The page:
Each month DarkSky International features a DarkSky Delegate from the worldwide network of volunteers who are working to protect the night. This month we’re highlighting the work of Sriram from India.
People all over the world have told stories about the night sky for thousands of years through different media, and we continue this tradition today. Visual storytelling is a powerful tool in showing the importance and beauty of the dark night sky, and this month’s Monthly Star has a renowned talent for using film to tell his stories. We sat down with filmmaker Sriram Murali from India to talk about how picking up a camera put him on a path to inspire people to look up and learn the stories written in the stars.
Q: What got you interested in protecting dark skies?
A: The first time I saw a sky full of stars was in Yosemite National Park in 2011. It felt so unreal. I couldn’t believe what I was looking at. I’ve been passionate about astronomy since childhood, but this experience gave me a profound connection and made astronomy accessible to me. From that point, I’ve wanted to tell the story of the stars.
Q: Can you tell us about dark skies in India? How are dark skies viewed there different from other countries you have lived in and visited?
A: People hardly look up in India. The skies are mostly washed out except for a few dozen stars. Dark skies tend to be around protected areas for wildlife and access is restricted at night. There are very few accessible dark sky places in India. This is why I love the National Park Service in the US. National Parks in the US are some of the best places to view the night skies.
Q: How did you get started in dark sky photography?
A: When I saw a sky full of stars in Yosemite National Park, I found photographing the night skies as a way to express my passion for Astronomy. I bought a basic DSLR, started looking up light pollution maps and began photographing dark night skies.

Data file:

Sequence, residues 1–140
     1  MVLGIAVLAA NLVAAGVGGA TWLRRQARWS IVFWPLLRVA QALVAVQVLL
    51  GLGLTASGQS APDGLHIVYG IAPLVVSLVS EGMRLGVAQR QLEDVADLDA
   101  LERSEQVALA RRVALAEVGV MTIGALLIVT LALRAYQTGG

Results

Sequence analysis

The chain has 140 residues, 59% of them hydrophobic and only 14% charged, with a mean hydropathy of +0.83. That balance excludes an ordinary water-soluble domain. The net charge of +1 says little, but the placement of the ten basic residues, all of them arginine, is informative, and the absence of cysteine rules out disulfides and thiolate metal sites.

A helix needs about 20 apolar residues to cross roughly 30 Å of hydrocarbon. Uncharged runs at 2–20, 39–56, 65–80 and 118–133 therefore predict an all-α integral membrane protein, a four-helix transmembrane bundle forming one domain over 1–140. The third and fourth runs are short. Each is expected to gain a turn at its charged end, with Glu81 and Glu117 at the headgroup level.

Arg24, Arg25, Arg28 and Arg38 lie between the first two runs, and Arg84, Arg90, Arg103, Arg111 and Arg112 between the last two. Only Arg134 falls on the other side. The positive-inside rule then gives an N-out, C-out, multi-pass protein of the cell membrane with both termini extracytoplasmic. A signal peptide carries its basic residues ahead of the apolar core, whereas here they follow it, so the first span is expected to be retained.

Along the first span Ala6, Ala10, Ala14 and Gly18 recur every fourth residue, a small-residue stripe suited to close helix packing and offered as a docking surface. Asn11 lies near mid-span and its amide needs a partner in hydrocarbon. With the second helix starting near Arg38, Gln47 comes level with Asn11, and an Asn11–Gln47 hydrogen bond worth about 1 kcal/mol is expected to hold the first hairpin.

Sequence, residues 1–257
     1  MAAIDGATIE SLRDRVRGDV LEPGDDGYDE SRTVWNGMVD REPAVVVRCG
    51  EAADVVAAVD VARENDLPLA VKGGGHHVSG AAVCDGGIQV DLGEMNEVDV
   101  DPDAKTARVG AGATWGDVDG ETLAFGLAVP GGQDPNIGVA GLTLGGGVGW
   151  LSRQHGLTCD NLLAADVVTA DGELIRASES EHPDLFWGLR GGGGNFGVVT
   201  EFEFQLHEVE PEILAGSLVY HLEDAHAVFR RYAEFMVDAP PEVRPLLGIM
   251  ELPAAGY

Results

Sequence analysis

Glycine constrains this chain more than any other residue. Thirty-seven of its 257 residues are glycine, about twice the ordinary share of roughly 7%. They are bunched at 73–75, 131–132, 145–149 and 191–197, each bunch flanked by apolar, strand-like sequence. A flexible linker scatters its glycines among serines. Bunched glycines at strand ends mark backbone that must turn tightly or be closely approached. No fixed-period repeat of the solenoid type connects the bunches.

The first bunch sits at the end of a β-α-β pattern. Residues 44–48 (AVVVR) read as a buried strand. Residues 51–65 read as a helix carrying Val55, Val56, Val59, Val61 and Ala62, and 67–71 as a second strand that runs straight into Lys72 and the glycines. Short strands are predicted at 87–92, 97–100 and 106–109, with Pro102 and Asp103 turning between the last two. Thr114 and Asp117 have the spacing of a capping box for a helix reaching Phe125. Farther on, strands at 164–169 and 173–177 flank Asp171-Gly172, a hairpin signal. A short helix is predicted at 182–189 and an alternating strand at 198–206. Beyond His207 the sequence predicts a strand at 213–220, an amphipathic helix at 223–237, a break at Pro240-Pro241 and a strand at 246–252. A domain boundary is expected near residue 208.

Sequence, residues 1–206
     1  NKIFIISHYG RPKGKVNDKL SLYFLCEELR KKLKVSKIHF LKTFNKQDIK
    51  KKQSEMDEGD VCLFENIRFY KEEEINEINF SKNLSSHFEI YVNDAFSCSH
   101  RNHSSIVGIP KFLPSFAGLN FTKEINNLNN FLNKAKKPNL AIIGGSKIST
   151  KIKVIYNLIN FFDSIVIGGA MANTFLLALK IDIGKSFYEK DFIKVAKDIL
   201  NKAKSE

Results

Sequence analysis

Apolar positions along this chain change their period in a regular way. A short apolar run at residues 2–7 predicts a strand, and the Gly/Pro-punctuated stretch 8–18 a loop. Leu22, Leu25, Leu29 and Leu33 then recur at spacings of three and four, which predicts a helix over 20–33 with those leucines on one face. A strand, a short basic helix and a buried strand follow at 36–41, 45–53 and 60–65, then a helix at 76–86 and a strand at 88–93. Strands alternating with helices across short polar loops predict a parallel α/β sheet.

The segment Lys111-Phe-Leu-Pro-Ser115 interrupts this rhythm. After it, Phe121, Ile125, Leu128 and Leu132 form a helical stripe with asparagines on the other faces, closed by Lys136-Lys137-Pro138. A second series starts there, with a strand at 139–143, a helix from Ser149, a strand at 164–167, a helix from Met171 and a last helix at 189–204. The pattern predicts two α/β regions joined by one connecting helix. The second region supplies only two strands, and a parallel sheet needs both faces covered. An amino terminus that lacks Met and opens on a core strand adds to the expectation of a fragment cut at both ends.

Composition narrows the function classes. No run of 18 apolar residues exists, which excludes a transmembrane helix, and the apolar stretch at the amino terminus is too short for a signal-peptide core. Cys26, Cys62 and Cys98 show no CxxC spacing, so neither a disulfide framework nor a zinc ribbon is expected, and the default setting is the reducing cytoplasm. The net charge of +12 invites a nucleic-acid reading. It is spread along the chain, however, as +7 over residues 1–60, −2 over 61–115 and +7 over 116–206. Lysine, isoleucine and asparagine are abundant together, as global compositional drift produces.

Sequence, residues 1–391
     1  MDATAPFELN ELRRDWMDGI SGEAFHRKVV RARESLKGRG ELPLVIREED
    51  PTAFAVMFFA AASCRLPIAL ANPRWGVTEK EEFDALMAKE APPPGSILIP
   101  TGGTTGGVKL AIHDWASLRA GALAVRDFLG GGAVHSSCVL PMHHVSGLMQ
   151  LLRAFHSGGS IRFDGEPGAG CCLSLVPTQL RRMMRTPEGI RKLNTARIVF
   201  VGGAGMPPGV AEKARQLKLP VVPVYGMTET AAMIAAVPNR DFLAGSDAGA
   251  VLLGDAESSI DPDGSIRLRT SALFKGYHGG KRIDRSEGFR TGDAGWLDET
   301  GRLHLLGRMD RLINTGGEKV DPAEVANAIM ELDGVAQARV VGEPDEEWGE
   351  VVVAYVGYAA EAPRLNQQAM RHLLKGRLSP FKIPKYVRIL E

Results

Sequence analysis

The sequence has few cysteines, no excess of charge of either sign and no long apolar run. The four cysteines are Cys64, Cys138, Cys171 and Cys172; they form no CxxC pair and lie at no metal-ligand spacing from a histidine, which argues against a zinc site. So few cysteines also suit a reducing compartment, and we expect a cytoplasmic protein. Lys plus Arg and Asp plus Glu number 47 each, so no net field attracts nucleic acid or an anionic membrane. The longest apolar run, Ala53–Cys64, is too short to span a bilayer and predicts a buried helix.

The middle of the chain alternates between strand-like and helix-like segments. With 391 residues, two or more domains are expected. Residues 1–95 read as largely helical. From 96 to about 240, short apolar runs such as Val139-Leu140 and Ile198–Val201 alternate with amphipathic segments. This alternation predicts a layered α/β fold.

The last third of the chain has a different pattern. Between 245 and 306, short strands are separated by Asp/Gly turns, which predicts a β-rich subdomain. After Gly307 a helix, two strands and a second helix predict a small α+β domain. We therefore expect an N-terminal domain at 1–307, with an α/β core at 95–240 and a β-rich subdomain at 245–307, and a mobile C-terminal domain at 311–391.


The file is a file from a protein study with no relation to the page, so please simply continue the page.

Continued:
Q: What was your first dark sky film?
A: Many questioned the amount of stars in my photos and whether they were photoshopped. It bothered me that most people have never seen a sky full of stars or worse, even don’t believe they exist. So, I made a short film “Lost in Light” showing what the night skies look like at different levels of light pollution.
Q: What films have you made since then?
A: I didn’t expect the massive response “Lost in Light” received worldwide. It made the news in over 40 countries, played in hundreds of film festivals and was published on National Geographic. I realized that film making is a great medium to express my passion for Astronomy and dark night skies. Six years since then, I’ve made three other films. “Saving the Dark” is a feature documentary on the significance of astronomy, the need to protect dark night skies, the effects of light pollution and the ways it can be solved. “Minmini” is a short film on the billions of synchronous fireflies at a Tiger Reserve in India, and “In Search of the Stars” follows my journey searching for stars near home in India.
Q: Tell us more about your most recent film.